A little girl was born on July 21, 2008. This is important to me, because July 21st is also my birthday, and because this new baby is the great-granddaugher of my husband's uncle and aunt. This is the time when it would be great to have easy names for relatives, but we don't. She is our first cousin, twice removed. I think.
I love putting tons of symbolism into commemorative quilts. (See these posts also: wedding quilt, remembrance quilt, remembrance quilt.) Here's the story of this one.
The print fabrics in this quilt are scraps from costumes I helped make. I used to help with costumes for the Evanston Dance Ensemble when my dancin' daughter was in high school. This particular dance was to the Beatles' song "Birthday", and the dancers were in party dresses made with these bright, 70s-style prints. (That's my daughter on the left, in the birthday girl role.)
|Photo by Matt Glavin|
The pattern I found was Bright Hopes, the design perfect for showcasing the birthday dress fabrics, and the name perfect for welcoming a new little one to the planet. I found coordinating solids in my fabric stash.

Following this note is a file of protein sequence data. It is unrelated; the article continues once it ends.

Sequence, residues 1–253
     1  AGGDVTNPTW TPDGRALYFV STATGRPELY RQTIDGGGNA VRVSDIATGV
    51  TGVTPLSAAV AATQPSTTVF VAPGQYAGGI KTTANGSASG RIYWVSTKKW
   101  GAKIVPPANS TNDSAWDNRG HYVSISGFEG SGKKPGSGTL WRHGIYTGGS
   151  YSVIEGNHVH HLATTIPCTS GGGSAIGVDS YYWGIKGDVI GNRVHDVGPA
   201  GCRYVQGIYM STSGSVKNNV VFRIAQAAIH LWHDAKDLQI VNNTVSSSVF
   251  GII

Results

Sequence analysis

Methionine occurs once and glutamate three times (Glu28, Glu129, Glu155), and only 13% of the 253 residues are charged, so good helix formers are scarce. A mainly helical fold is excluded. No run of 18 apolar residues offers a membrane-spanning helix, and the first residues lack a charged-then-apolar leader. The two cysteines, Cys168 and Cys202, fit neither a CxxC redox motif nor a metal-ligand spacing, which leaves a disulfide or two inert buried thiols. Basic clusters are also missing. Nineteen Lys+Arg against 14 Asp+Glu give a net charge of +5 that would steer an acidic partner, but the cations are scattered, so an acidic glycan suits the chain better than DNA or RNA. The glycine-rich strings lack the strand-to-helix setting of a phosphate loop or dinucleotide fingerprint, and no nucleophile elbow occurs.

I used one of the solids in the center block, and embroidered our joint birthdate.
In February 2012, we had a family reunion and party for the great-grandparents on their 60th wedding anniversary. Here we all are. I am standing on the right. (And since everyone asks about that wonderful sweater, no, I didn't make it. It was made by my friend Susie, knitted, with a wool/silk blend yarn that is scrumptious. She didn't like the way it looked on her and asked me if I'd like to have it. I didn't have to think long about my answer.)
And here are the 4 generations: the great-grandma looking on, grandma taking the photo of the mom, dad, little brother, and my birthday twin up on top, making the photo really fun.
I sign my quilts by appliquéing my handprint, and then embroidering the name of the quilt, date, and my signature. For this quilt, I put on both our names and birth dates like this: